Tennis accused of 'turning a blind eye' to quarantine


ATP Challenger events have been taking place in Istanbul and France so far this year

While quarantine in Melbourne has been capturing the headlines, players in Europe have become increasingly angry about the way self-isolation is being handled by the tennis authorities.

The ATP and the French Tennis Federation (FFT) are accused of “turning a blind eye” to quarantine directives in France, with players describing it as “immoral” and “unethical”.

The story begins at the first ATP Challenger tournament of the year in Istanbul, a fortnight ago.

The day after the tournament got under way, players received a letter from the FFT which explained that anyone arriving in France from a country outside the European Union must now self-isolate for seven days.

Some players later received a phone call from the ATP to remind them of the rules.

The letter was very timely, as there was to be no exemption for elite athletes, and one of the two events on the schedule the following week was in the north-western French city of Quimper.

The French government’s directive should have made it virtually impossible for anyone playing in Istanbul to compete in Quimper. At the very least for the five who reached the second round of the singles, and yet were still allowed to take their place in the draw in France.

Players, coaches and agents contacted by BBC Sport have spoken of their anger that members of the community may have been put at risk.

“I don’t think it’s the best look to be travelling throughout Europe with impunity and not abiding by the rules that governments put in place,” one player said.

“If other governments caught wind of this, how are they to trust the ATP and the tournaments they put on?”

Some players are understood to have flown to Spain, as they felt it might be easier to cross into France from another EU country. One was even told a trip from the UK to France via Romania was an option worth considering.

Another source, who was sympathetic to the current challenges faced by the ATP, nonetheless felt they had handled it “horribly”.

“While they were trying to help one professional, they were hurting another,” he said, pointing out that players were effectively being asked to make an ethical decision.

Many abided by the new regulations – thus passing up the chance to make some money and vital ranking points. Seeing those who didn’t play by the rules gain an unfair sporting advantage has caused a lot of frustration.

“The ATP have just absolved themselves of all guilt, and said it’s not our job to enforce it. They’ve kind of turned a blind eye,” was a common complaint.

In response, the ATP says it accepts the need for greater scrutiny, and is “making a concerted effort to address this to ensure that health and safety continues to be prioritised”.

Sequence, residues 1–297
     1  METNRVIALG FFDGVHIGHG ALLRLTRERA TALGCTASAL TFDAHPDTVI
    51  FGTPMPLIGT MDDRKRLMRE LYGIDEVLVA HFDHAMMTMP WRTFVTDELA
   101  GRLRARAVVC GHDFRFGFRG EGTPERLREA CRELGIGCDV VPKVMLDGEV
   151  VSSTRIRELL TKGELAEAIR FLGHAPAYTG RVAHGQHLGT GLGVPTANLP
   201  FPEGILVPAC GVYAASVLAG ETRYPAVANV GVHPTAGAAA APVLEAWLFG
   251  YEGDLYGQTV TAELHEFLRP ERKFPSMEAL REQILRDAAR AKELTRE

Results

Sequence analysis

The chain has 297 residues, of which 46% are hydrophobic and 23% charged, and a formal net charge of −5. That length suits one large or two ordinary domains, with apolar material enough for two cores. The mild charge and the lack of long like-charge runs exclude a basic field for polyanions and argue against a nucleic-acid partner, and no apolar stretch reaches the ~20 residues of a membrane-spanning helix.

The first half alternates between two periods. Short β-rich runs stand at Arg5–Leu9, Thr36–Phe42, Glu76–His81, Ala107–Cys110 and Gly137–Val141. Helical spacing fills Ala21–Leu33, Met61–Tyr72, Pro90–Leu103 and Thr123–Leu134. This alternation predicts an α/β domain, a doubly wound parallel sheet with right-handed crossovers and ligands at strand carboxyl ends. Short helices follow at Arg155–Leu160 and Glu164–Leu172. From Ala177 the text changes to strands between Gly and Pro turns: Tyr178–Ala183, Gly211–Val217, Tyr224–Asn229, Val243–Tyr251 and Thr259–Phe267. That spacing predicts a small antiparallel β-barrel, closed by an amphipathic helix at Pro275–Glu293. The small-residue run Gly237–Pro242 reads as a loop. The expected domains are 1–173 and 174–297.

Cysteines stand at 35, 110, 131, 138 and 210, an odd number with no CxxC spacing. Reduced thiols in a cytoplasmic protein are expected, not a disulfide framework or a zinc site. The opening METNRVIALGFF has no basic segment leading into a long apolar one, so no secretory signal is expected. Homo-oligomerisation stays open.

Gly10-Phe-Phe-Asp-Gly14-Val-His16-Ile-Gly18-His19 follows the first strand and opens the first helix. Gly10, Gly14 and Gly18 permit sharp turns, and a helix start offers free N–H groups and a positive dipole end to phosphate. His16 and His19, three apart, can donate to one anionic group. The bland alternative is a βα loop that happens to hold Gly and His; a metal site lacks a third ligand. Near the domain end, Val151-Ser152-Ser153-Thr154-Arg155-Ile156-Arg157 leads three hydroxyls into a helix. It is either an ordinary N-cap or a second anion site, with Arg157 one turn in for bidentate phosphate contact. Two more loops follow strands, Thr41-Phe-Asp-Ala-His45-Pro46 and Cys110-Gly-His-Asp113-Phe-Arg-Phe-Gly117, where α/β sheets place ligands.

“National entry requirements relating to Covid-19 have been changing regularly, and often at very short notice. This represents an ongoing challenge for the global Tours, and we continue to remind players of their responsibility to adhere to local regulations,” a spokesman told the BBC.

“Since the resumption of the Tours in August 2020, we have worked closely with local authorities and tournament organisers in order to ensure the safe operation of events. As a part of our processes, we continue to strive for clarity on any national entry rules, and the precise timing of new rules officially being in effect.

“To reflect the changing circumstances, the stringent health and safety measures implemented by the ATP across the Tours are continuously reviewed and updated. Following recent instances relating to player entry into the EU, we realise that greater scrutiny is required to determine player eligibility for events, as well as contingency planning to manage last-minute changes to immigration rules.”

The French Federation, meanwhile, says it informed the WTA, the ATP and the ITF of the new quarantine regulations. It adds that in future it will only request travel permits from the Foreign Ministry on behalf of players who leave a “sufficient time between their arrival in France and the start of the tournament”.

Plotting a path through Europe’s Covid travel restrictions is particularly challenging for British players now the country has left the EU.

Andy Murray, who is back in full training after a positive Covid test denied him the opportunity to play in the Australian Open, has entered an ATP Challenger tournament in the Italian city of Biella in the middle of February.

But that will depend on an exemption being granted to players from outside the EU, who would otherwise have to spend 14 days in isolation. The rules are constantly evolving, and sometimes open to interpretation, making forward planning – for both players and the tours – a hazardous affair.

And at the same time, opportunities remain scarce for lower-ranked players. With some events unable to go ahead because of the pandemic, higher-ranked players have had to be creative with their own schedules.

As a result, very few players outside the world’s top 200 have been able to gain direct entry into a Challenger tournament in the first three weeks of the new season.

Like so many others striving to earn a living in a pandemic, it is a struggle. And a far cry from Melbourne Park.

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